Thursday, June 28, 2018 by Ralph Flores
Testicular neoplasm, commonly known as testicular cancer, refers to abnormal cell growth in the testicles – the male reproductive organ in the scrotum.
Testicular neoplasm is classified into two main types.
However, not all testicular growth is cancerous. This includes stromal tumors, which usually occur during childhood.
The cause of a testicular neoplasm is unclear; however, a person’s likelihood of developing the condition if he is exposed to the following risk factors.
Symptoms of testicular neoplasm include:
In most cases, testicular neoplasm affects one testicle.
Most survivors of the condition lead normal lives afterward. However, those who have undergone chemotherapy and radiotherapy are at risk of a relapse. In particular, those who had chemotherapy experience reduced fertility and testosterone levels – also called hypogonadism.
Smokers who have testicular neoplasms are also at risk of developing cardiovascular disease as a complication of the disease.
Recurrences that occur two years or more after treatment will not respond well to chemotherapy.
No information is available on food items that will prevent the development of testicular neoplasms; however, maintaining a healthy diet will not only boost overall resistance to cancer and other chronic conditions but will also improve a man’s reproductive health. Some recommended food items include:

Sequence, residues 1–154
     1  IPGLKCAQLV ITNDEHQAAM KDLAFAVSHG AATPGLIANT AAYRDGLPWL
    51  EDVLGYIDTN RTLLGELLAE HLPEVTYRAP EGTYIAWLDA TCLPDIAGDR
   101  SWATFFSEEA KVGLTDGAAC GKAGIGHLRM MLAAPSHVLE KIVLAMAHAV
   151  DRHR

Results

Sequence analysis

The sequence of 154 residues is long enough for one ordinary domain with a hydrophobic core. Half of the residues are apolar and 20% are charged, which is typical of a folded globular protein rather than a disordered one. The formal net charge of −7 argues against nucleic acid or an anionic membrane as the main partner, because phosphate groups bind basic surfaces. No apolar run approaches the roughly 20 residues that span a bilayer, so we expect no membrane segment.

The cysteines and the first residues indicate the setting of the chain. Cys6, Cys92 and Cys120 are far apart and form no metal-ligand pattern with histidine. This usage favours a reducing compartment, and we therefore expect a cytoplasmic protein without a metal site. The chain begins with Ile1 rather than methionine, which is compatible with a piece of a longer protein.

Treating testicular neoplasms depends on its type and progression. To note, these can be classified to the following stages:
Healthcare providers will usually recommend either the surgical removal of the testicle, radiation therapy or chemotherapy to treat the condition.
Testicular neoplasm is the abnormal cell growth in the testicles.
Seminoma is a neoplasm that starts in the testes but can later affect the lymph nodes. Nonseminomas, on the other hand, are cancers that develop in cells responsible for sperm production.
Most survivors of testicular neoplasm lead normal lives afterward. However, those who have undergone chemotherapy and radiotherapy are at risk of a relapse.
Testicular neoplasms can result in reduced fertility and testosterone levels.
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